Only if one is of the scenarios covers the full war from Germany's invasion of Poland in September 1939 until the atomic bombs of August 1945. with the extended game option.

I don't care for linked scenarios.

(in reply to Greyshaft)
Post #: 109
RE: Variable Setup - 3/11/2004 9:22:59 AM   
macgregor


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I agree the computer version can save quite a bit of calculation time by displaying available air/sea/art units for support.To the person who suggested retaining the boardgame maps with the 3 different scales: I'm afraid they've already been done away with them,and good riddance if you ask me.If but for the simple fact that you cant make accurate units for one scale and then expect it to some how transcend to the other.That's bush league! ADG broke ground by finding creative ways to increase the accuracy of the portrayal in as succinct a way as possible and it seems they've consistently maintained that as their goal.It seems that matrix is getting all the right people."With every man a genius...how can we lose?"To the guys all feklempt over the fact that they might not release it right away with an AI:Always with the negative threads! It's a mother beautiful AI,and it's gonna be there.With thousands of people on the internet,surely more adept at simulating a human player than a computer looking for opponents,and you still prefer to sit alone with your computer playing a game for 6 months that no one else cares about,and yet you are more sociable with people on this post than I.It does appear inconsistent.To each his own I guess.You buy...therefor you are.

< Message edited by macgregor -- 3/11/2004 7:31:12 AM >

(in reply to Mziln)
Post #: 110
Asynchronous gameplay - 3/11/2004 10:32:13 PM   
Greyshaft


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quote:

ORIGINAL: macgregor
might not release it right away with an AI:Always with the negative threads! It's a mother beautiful AI,and it's gonna be there.With thousands of people on the internet,surely more adept at simulating a human player than a computer looking for opponents,and you still prefer to sit alone with your computer playing a game for 6 months that no one else cares about...


Not exactly.

The problem is that my gaming time is quite random. I can predict 'x' hours of gaming per week but not always on a predicatable schedule.
Honey, can you take out the garbage?
Honey, your Boss called and wants you to ring into the office for a conference call with the UK.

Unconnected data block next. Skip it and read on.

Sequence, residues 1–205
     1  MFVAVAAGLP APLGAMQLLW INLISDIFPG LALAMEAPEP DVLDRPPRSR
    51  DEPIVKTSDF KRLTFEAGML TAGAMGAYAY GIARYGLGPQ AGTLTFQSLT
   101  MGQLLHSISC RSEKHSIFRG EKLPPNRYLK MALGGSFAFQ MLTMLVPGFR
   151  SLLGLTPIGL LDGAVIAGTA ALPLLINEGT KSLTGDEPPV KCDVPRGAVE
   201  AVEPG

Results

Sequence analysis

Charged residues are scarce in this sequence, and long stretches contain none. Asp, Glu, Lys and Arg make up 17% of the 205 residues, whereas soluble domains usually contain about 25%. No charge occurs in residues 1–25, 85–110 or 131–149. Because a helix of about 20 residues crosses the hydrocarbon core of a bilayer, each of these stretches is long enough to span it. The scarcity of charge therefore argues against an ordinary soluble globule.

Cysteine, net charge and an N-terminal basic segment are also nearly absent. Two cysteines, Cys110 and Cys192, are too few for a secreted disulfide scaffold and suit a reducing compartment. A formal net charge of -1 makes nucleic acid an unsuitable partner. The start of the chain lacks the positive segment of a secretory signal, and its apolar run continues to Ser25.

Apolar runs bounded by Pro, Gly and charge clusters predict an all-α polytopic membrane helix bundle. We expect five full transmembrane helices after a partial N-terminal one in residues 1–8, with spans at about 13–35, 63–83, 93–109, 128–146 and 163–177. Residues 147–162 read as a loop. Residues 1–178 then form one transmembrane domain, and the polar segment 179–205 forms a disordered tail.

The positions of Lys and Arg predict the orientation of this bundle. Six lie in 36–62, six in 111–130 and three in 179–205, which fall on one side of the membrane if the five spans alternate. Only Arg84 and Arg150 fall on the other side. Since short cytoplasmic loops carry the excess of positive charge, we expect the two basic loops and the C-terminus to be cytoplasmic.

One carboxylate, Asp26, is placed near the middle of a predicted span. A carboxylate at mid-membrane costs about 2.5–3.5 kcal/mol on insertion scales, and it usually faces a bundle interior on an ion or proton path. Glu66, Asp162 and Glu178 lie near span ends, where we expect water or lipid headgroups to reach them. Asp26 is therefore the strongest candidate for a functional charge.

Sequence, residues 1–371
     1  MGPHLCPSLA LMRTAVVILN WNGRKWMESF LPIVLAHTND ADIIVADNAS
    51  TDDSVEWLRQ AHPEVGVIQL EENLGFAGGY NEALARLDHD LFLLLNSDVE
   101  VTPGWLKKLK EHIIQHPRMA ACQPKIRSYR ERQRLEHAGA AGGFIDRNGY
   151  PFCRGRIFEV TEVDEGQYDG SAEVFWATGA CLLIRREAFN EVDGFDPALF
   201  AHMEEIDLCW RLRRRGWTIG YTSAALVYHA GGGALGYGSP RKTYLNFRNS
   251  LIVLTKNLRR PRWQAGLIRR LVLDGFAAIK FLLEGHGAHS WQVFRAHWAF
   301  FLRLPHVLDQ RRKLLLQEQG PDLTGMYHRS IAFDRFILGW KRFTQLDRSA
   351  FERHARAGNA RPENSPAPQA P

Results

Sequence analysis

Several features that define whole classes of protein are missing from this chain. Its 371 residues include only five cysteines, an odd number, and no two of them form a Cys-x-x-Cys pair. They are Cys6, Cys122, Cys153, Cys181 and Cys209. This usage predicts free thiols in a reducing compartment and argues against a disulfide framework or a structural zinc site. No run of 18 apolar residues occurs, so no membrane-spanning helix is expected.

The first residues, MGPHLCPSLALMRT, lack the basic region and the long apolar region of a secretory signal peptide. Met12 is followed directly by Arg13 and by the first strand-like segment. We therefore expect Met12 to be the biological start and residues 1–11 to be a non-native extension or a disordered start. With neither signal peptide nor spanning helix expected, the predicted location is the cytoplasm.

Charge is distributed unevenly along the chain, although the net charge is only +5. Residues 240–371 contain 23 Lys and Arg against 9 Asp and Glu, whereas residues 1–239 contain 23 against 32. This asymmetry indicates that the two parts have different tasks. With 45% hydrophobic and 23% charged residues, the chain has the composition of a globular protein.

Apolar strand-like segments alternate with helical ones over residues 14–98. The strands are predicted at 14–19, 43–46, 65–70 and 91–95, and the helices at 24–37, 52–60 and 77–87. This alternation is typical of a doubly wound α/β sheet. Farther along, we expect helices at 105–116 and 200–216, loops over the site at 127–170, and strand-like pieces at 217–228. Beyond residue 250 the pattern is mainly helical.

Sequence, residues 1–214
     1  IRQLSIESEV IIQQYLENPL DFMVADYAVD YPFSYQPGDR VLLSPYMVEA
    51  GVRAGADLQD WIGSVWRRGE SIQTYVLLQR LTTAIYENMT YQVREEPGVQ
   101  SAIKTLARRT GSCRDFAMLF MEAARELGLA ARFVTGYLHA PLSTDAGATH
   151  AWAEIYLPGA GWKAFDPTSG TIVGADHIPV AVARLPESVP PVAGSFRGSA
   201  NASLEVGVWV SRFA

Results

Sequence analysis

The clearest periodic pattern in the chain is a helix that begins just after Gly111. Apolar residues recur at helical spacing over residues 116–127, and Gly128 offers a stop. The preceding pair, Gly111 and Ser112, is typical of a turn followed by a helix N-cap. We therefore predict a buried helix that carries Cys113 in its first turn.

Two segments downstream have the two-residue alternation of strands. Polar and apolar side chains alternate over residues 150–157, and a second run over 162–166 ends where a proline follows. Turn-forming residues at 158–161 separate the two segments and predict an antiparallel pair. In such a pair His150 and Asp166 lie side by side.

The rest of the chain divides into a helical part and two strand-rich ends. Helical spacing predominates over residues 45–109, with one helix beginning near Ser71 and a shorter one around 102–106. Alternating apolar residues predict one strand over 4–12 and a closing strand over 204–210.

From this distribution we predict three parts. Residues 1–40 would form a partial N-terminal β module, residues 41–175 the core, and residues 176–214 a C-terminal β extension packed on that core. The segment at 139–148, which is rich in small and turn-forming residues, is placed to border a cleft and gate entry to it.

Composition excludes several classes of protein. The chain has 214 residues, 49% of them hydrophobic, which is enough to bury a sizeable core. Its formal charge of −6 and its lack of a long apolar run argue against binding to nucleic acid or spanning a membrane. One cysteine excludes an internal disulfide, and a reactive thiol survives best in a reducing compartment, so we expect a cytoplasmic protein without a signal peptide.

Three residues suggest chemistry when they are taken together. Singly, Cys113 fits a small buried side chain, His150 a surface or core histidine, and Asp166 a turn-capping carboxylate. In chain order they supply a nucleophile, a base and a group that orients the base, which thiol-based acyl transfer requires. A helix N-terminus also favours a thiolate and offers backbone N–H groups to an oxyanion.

Honey, I missed you... hmmmm.... that's nice...


So agreeing to log on at 6pm every Thursday isn't always achievable. Besides all that, CWiF is asychronous. I have my go while you sit around doing nothing (apart from air/naval intercepts) then you have your go while I sit around doing nothing. Boring! Much better to get in an hour of fighting against the AI which will probably take a shorter time to finish its move than a Wetware player.

PBEM is also promising.

(in reply to macgregor)
Post #: 111
War History Log - 3/11/2004 11:13:39 PM   
Diamond

 

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One feature I would like to see in a game is a war history log - tracking all events/turns so that the game can be reviewed etc. Great for learning, analysing games, writing game reports as well as for PBEM.

(in reply to Joe 98)
Post #: 112
RE: War History Log - 3/11/2004 11:48:55 PM   
Greyshaft


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quote:

ORIGINAL: Diamond

One feature I would like to see in a game is a war history log - tracking all events/turns so that the game can be reviewed etc. Great for learning, analysing games, writing game reports as well as for PBEM.


...especially if it's graphical. The black shadow of the Nazis spreading across Europe with little stars (blue for air and green for land?) showing where attacks occured. If this is combined side-by-side with a constantly updated graph showing relative strengths for each nation then it would show where the turning points were in the war.

(in reply to Diamond)
Post #: 113
RE: War History Log - 3/12/2004 5:56:30 AM   
amwild

 

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quote:

ORIGINAL: Diamond

One feature I would like to see in a game is a war history log - tracking all events/turns so that the game can be reviewed etc. Great for learning, analysing games, writing game reports as well as for PBEM.


I recall something like this in the original Civilization, where the entire campaign could be replayed, and statistics were kept for a number of factors such as population, military strength and technological advancement.